Responding to a Supreme Court Justice who calls one a liar requires special care in expression.
(More about this tiff, which we’ve been covering quite closely here at Above the Law, after the jump.)
As we’ve previously discussed, Justice Scalia was not happy with Judge Posner’s critical review of Justice Scalia and Bryan Garner’s latest book, Reading Law (affiliate link). In a book event on the West Coast, Scalia called the review a “hatchet job.” More recently, in an appearance in New York that I covered, Justice Scalia essentially stated that he wouldn’t dignify this “glossy magazine” pabulum with a response.
But Justice Scalia wasn’t completely silent on the subject of Judge Posner’s review. In a recent interview with Stephen Adler of Thomson Reuters, the justice criticized Judge Posner’s treatment of Scalia’s opinion in District of Columbia v. Heller, the landmark Second Amendment case. More specifically, he bristled at Posner’s suggestion that his Heller opinion invokes “legislative history,” which Scalia loathes. From the ABA Journal’s distillation of the justice’s comments:
To say that I used legislative history is simply, to put it bluntly, a lie. Any legal audience knows what legislative history is. It’s the history of the enactment of the bill. It’s the floor speeches. It’s the prior drafts of committees. That’s what legislative history is. It isn’t the history of the times.
The justice added, “You can get away with it in The New Republic, I suppose, but not to a legal audience.”
So how did Judge Posner respond? Carefully (as suggested by the Quote of the Day above). Yesterday he sent a two-page written response to Thomson Reuters. Here’s the key section:
I had indicated what I meant by legislative history when I had said that in seeking the original eighteenth-century meaning of the text of the Second Amendment Justice Scalia had been doing legislative history. His quest for original meaning had taken him to a variety of English and American sources from which he distilled the existence of a common law right of armed self-defense that he argued had been codified in the Second Amendment.
He may not consider such a historical inquiry to be an exercise of “legislative history,” because he defines legislative history very narrowly (and in the interview calls it “garbage”). His coauthor, Bryan Garner, does not define it so. Here is the definition of the term in Black’s Law Dictionary (9th ed. 2009), of which Garner is the editor: “The background and events leading to the enactment of a statute, including hearings, committee reports, and floor debates.” The “background and events leading to the enactment” of the Second Amendment are the focus of the Heller opinion.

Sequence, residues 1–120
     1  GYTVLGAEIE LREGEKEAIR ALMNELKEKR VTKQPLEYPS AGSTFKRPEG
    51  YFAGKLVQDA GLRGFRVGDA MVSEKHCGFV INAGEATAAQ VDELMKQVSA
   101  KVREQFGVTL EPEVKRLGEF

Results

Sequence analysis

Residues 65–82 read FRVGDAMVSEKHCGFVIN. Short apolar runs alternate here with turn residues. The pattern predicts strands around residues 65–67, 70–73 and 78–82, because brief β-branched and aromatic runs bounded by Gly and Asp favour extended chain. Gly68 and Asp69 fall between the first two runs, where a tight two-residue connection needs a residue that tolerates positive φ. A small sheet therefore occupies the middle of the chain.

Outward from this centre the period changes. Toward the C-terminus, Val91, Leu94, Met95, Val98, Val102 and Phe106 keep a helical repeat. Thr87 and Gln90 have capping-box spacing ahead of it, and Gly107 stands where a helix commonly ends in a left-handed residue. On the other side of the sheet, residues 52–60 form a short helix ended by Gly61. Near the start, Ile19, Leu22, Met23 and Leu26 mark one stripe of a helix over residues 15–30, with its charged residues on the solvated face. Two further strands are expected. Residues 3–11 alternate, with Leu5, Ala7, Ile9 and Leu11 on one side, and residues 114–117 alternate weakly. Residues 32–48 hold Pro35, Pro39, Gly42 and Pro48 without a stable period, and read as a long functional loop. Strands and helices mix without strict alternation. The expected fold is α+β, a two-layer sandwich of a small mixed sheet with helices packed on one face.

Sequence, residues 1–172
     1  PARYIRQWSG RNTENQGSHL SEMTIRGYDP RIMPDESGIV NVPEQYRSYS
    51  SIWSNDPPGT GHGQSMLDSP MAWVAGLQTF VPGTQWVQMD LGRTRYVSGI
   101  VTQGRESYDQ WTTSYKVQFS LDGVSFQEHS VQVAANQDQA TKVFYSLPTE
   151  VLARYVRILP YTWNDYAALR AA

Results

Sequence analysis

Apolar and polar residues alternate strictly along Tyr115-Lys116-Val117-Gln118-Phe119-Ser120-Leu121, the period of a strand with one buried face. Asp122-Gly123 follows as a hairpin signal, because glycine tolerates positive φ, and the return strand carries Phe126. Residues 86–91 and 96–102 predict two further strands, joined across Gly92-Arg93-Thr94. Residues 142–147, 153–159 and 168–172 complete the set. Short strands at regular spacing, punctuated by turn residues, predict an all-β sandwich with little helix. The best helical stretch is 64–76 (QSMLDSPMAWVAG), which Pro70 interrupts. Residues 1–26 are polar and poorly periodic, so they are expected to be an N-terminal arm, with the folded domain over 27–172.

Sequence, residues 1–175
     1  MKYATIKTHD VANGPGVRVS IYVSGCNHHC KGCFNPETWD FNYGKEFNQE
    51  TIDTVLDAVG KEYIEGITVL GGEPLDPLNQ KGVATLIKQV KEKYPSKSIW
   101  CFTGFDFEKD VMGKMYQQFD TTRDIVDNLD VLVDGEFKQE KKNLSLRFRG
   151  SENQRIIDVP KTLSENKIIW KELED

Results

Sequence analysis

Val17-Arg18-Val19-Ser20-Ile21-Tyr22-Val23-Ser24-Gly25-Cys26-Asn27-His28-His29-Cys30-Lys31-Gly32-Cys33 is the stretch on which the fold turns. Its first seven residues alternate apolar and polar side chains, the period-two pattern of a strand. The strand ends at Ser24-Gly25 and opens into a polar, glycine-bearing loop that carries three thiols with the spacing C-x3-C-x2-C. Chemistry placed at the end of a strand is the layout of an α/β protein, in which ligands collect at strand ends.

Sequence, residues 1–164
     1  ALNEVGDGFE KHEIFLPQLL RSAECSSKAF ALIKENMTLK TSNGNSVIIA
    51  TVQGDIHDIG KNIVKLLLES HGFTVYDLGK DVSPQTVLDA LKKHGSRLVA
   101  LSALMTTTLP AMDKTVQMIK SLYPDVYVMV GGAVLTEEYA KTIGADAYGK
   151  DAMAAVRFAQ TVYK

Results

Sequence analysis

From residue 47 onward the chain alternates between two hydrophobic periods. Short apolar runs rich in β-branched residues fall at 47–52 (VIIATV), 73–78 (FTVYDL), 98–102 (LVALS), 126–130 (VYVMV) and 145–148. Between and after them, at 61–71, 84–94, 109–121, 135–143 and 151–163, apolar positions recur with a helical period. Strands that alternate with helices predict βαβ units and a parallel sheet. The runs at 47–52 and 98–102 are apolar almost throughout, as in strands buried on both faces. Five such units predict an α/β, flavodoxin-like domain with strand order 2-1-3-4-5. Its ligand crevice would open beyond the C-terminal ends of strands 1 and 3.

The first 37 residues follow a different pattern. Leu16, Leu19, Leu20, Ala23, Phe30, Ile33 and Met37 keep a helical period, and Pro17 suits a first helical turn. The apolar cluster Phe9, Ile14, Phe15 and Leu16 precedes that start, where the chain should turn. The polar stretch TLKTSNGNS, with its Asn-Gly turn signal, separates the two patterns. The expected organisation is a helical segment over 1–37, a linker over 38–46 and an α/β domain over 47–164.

Even if I accepted Scalia’s narrow definition of “legislative history” and applied it to his opinion in Heller, I would not be telling a “lie.” For Justice Scalia does discuss the “drafting history” (legislative history in its narrowest sense) of the Second Amendment. See 554 U.S. 598-599, 603-605.
You can read the full statement over at Thomson Reuters.
So this is actually — and it pains me to say this — not a very sexy debate. First, it’s a definitional debate over the meaning of “legislative history.” Second, it’s not even a very meaningful definitional debate, since both combatants spell out what they mean by “legislative history” in a way that reveals they have no major substantive disagreement (at least on this issue). Third, as Posner points out in his response, as a technical matter he didn’t even accuse Scalia of “resorting to” legislative history in Heller; that was really Adler’s gloss.
Here is what Posner wrote: “when he [Justice Scalia] looks for the original meaning of eighteenth-century constitutional provisions — as he did in District of Columbia v. Heller, holding that an ordinance forbidding people to own handguns even for the defense of their homes violated the Second Amendment — Scalia is doing legislative history.” One could translate “doing” in this passage as “engaging in something comparable to” or “engaging in something not dissimilar from” the true “legislative history” that Scalia so loathes. But Posner’s review never says that Scalia “actually resorts to legislative history,” which is how Adler phrased it during the interview — and which is what drew Scalia’s accusation of dishonesty.
Based on the back-and-forth so far, who has the better of the argument? It seems to me that both jurists make valid points. I can see the validity of Scalia and Garner’s claim that Posner, in his critical reading of how they analyze certain cases, may have overemphasized the prescriptive over descriptive elements of the book — i.e., how they use various cases in the book to illustrate different canons of construction, not necessarily as vehicles for advocating textualism or originalism. But I can also see the validity of Posner’s point that the canons of construction, given their numerosity and their influence, could work to undermine the determinacy and political legitimacy that are supposed to be the cardinal virtues of originalism and textualism.
Readers, what do you think? Here’s an admittedly imprecise poll, just to get a sense of overall sentiment. Of course, your views on specific arguments by either Scalia or Posner are welcome in the comments.
Leading judge hits back in dispute with U.S. Justice Scalia [Thomson Reuters News & Insight]
Text of Judge Posner’s response to Justice Scalia [Thomson Reuters News & Insight]
Posner Fires Back in Spat over Scalia’s Book and the Definition of Legislative History [ABA Journal]